WASHINGTON -- U.S. long-term mortgage rates slipped this week, reflecting the stock market decline and rush by investors to Treasury notes.
Mortgage buyer Freddie Mac said Thursday that the average rate on the benchmark 30-year, fixed-rate mortgage fell slightly to 4.62 percent from to 4.63 percent last week. Rates averaged 3.94 percent a year ago.
The rate on 15-year fixed-rate loans held at 4.07 percent for the second straight week, up from 3.38 percent a year ago.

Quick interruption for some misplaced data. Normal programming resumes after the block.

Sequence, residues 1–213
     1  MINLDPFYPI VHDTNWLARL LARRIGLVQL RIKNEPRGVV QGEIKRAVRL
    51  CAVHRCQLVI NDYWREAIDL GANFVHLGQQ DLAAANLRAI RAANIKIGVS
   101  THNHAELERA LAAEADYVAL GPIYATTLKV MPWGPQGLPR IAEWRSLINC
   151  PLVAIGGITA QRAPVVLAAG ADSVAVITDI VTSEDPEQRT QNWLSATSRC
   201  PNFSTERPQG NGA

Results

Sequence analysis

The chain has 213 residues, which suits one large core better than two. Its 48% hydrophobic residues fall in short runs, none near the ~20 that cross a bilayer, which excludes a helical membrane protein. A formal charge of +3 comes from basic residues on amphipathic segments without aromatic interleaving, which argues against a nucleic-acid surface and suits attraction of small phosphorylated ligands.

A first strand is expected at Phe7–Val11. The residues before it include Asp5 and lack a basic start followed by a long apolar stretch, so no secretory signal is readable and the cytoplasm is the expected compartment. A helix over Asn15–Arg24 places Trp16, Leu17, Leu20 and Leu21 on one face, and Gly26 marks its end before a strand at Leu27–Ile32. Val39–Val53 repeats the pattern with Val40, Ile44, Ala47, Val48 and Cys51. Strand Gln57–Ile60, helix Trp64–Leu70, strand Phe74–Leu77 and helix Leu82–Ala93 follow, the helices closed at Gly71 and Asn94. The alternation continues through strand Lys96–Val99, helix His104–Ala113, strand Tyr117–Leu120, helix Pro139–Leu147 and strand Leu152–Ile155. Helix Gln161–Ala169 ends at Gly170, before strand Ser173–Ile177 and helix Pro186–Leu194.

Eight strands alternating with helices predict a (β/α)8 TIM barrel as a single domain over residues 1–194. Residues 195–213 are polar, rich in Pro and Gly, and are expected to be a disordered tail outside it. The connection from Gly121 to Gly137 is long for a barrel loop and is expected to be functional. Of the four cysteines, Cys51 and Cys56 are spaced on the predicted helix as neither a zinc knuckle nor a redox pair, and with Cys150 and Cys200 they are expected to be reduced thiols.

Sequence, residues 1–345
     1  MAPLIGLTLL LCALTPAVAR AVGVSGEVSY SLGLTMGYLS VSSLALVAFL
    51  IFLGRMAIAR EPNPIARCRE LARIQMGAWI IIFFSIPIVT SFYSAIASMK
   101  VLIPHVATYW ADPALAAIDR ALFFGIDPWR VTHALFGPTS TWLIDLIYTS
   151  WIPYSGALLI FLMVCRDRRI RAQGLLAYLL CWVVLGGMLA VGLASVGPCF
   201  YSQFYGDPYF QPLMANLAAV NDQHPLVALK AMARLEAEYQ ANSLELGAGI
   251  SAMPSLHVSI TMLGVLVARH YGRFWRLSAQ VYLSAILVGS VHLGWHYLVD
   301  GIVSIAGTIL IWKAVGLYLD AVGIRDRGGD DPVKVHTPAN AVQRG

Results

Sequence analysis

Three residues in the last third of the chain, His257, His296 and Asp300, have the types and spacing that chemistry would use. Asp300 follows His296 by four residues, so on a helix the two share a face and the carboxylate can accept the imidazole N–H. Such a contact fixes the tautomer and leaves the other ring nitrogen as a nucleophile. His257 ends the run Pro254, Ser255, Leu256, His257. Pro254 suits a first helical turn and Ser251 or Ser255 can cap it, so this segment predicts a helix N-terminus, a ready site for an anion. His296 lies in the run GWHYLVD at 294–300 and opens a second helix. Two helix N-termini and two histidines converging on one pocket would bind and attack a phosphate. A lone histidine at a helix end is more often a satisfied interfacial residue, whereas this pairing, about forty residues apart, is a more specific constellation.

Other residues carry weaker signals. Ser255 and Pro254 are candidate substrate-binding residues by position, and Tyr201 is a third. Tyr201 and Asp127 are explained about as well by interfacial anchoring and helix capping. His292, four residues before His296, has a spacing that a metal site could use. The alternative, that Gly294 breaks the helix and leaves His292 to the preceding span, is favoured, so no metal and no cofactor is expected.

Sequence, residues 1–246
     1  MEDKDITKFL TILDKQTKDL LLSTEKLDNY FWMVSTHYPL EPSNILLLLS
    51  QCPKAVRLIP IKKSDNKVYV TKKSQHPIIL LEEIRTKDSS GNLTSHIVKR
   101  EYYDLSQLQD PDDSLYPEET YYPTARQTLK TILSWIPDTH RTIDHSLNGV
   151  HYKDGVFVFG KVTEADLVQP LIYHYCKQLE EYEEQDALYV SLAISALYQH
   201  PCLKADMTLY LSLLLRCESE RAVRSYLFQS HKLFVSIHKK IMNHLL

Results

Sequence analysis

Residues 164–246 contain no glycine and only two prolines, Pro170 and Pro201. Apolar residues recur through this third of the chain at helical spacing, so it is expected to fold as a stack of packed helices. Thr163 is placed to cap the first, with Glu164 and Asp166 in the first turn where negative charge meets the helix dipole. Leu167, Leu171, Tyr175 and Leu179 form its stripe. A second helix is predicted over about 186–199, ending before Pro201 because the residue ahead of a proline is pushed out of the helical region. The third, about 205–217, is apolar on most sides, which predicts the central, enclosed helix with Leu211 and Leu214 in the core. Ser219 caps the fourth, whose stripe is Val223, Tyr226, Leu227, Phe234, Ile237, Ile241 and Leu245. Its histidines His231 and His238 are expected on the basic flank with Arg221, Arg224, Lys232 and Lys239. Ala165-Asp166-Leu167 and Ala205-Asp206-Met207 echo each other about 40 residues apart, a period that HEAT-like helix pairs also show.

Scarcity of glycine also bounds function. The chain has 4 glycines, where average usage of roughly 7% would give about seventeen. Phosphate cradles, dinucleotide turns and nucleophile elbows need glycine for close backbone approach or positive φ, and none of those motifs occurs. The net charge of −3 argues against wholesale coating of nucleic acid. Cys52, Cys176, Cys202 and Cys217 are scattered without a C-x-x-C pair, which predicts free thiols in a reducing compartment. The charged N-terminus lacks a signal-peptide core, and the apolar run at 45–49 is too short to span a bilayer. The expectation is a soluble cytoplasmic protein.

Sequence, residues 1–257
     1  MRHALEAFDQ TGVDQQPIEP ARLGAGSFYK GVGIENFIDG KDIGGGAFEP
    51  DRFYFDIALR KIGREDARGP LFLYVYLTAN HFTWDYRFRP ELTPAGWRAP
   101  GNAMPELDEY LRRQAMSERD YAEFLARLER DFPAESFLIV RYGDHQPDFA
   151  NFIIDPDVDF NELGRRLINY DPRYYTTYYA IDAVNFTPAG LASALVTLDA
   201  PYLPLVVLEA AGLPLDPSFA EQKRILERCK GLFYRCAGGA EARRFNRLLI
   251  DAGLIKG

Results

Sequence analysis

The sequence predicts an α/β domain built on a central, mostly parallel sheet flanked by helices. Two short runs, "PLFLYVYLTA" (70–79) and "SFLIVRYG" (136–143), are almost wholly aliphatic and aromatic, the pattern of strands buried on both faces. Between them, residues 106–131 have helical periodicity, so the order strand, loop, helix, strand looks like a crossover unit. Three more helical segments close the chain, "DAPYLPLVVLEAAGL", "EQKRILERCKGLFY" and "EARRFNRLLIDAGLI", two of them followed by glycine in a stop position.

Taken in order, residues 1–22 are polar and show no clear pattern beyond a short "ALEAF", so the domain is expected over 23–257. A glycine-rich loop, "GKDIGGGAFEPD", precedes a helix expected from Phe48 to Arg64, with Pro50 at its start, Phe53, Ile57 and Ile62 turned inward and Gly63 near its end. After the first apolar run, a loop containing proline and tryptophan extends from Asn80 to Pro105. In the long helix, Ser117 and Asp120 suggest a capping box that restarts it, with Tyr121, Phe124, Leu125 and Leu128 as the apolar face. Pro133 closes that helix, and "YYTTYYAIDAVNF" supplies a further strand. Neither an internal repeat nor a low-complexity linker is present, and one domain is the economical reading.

Higher mortgage rates over the past year have caused home sales to drop. But mortgage rates have declined in recent weeks as fears about an economic slowdown have caused more investors to sell stocks and buy Treasury notes.
Amid the purchases, the interest on a 10-year Treasury has fallen from 3 percent to under 2.8 percent in the past month. Mortgage rates generally correspond with the interest charged on U.S. government debt.
Sam Khater, Freddie Mac's chief economist, said that lower rates should help to boost home sales.
"Given the further drop in rates we've seen this month, we expect to see a modest rebound in home sales as well," he said.